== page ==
Music has always been very important to me. You can learn so much about people and a culture by their music. When I was in Kyoto, I simply searched “record store” on my smartphone and started walking to the nearest one without a second thought. My phone showed it was in the middle of a building somewhere. I walked around the perimeter of the building and ended up at the back door of the shop with a sign that read, “Do not enter.” I had to backtrack and go through more hallways and ride an elevator, but I eventually ended up at Joe’s Garage.

The walls were packed tightly with CDs and vinyl of music I had never heard of or seen before. There was an older Japanese man with flowing rocker hair filing albums in the back, and a few people sorting through the shelves. Whenever I pick out vinyl for my turntable, I usually just look for album artwork that intrigues me and go with it as a way of finding new music. Nine times out of ten, it’s something good, even if it’s completely random.

This is the bag I got at Joe‘s Garage. I‘m still a little confused on the banana.

Japan is known for a form of jazz called jazz fusion. I don’t particularly know what the jazz is being fused with, but I am all for finding out. I looked on my own for a few minutes and came out with a green album covered with harmonicas and Japanese writing, and a beautifully illustrated album called Morning Dance. I was able to find a Louis Armstrong album and bought that one for Louis, no questions asked. These were some good finds already, but I came here to find the true essence of Japanese music, and I had no idea what that was or if I had picked it up yet.

Joe Tanaka poses with my music selections in his shop. He was a great guy with amazing hair.

I clearly knew that I didn’t know what I was looking for, so I decided to call in the big guns. I started asking the worker some questions about the store, and he tried his best to answer. During the exchange I remembered we were at Joe’s Garage. “Are you Joe?” I ask, and he just looked up and simply says, “Yes.” Alright, so I have the big man himself, the shop’s namesake, and that was pretty awesome.

I asked Joe if what I had gotten was any good, and if he had suggestions. In broken English, he said the green album was a great easy listening record and the fairy album was poppy. I then asked him to direct me to the best album in the whole store. He rubbed his chin for a minute, and walked off to a separate rack and started pulling out albums. I stood in anticipation to see his selections for me out of the hundreds of albums he had in stock.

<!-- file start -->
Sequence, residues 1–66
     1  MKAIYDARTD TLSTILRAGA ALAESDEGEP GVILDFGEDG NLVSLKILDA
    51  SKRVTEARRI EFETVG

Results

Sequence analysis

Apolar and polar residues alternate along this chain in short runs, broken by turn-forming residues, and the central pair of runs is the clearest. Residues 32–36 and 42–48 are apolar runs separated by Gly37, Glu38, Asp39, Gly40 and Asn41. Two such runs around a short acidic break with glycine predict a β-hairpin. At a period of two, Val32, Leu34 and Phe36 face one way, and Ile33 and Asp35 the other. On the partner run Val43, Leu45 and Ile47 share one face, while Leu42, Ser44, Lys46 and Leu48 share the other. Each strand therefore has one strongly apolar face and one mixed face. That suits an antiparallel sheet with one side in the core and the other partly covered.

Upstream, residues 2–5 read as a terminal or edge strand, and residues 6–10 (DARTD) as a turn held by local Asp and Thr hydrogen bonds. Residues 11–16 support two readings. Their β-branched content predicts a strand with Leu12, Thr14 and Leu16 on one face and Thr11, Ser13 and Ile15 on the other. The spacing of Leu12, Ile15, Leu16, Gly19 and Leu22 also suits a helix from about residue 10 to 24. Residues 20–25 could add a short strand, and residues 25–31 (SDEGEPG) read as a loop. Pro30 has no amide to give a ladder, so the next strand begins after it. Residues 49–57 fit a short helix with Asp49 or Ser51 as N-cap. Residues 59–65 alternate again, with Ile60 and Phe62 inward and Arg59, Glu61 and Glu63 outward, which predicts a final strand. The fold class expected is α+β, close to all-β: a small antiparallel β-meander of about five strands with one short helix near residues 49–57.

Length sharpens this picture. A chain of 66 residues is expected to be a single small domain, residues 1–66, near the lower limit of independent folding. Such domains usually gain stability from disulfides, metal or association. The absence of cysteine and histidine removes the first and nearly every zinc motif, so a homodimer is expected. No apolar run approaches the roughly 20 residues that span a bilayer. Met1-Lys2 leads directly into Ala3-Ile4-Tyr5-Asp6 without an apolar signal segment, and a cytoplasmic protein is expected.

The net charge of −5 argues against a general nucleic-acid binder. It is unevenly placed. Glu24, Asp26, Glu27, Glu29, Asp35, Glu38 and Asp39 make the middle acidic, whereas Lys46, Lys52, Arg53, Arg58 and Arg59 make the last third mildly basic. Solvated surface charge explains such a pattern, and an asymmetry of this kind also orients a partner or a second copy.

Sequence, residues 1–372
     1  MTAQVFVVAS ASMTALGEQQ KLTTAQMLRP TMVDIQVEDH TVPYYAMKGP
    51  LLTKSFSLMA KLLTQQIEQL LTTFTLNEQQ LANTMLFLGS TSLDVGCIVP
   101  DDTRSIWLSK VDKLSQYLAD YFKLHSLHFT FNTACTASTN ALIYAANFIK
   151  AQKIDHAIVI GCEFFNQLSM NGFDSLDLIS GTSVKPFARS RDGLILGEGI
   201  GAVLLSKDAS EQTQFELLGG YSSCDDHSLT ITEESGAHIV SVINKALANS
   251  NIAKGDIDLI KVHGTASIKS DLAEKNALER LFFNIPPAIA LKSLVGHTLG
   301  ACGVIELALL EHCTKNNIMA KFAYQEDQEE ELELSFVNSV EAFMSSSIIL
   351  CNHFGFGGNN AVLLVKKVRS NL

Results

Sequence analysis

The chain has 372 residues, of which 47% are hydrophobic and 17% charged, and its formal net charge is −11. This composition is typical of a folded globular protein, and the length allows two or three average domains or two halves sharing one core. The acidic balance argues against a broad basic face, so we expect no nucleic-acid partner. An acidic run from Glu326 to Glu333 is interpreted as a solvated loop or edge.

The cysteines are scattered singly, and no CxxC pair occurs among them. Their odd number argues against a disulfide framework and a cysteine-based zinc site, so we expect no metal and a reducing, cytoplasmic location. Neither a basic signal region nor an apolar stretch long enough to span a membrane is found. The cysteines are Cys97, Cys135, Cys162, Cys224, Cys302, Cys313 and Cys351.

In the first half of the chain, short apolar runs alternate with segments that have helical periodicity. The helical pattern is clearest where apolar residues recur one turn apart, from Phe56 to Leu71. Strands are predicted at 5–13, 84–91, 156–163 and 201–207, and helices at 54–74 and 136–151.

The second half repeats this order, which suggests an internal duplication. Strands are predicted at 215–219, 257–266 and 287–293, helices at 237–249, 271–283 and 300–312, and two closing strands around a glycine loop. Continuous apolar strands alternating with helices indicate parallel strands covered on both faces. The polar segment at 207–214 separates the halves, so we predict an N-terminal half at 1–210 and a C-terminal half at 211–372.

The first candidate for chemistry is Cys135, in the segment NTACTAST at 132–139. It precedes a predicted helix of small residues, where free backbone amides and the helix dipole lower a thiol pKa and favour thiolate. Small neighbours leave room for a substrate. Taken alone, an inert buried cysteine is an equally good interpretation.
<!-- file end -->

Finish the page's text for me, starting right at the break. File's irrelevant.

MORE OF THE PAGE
Joe turned around and said, “Jazz Fusion!” He put a yellow album into my hands. “Best Japanese saxophone player,” he said. “Greatest hits.” I was super excited to take the album from him, and even more so to play it. This link will play Down East from his greatest hits.

Now that I’m back in Texas with my turntable, I’ve been able to check out Sadao Watanabe’s work. What Joe told me was true: this guy absolutely rips on a saxophone. The album is funky, but doesn’t stray too far from jazz. It always has a beat you can move your feet to. I am a big fan of the saxophone, and I can say this album hits all the marks and is indeed some of the best brass I’ve ever heard. There is no exclusion of guitars and bass riffs along with other brass instruments and a plethora of sounds that are blended together to make something extraordinary. If I were to guess, I would say the “fusion” part of jazz fusion belongs to disco, funk, and something all of its own.

Getting a chance to meet an enthusiast of music who runs his own shop in Kyoto since 1986 was a privilege and an experience. I could tell Joe really loved the music in his store and enjoyed sharing it with other people.

1 thought on “Discovering Japan’s Jazz Fusion

  1. I’m becoming educated by my grandson on jazz fusion.
    I’m amazed that turntables are still in use —since all I ever see are
    CDs. So proud of his writing —

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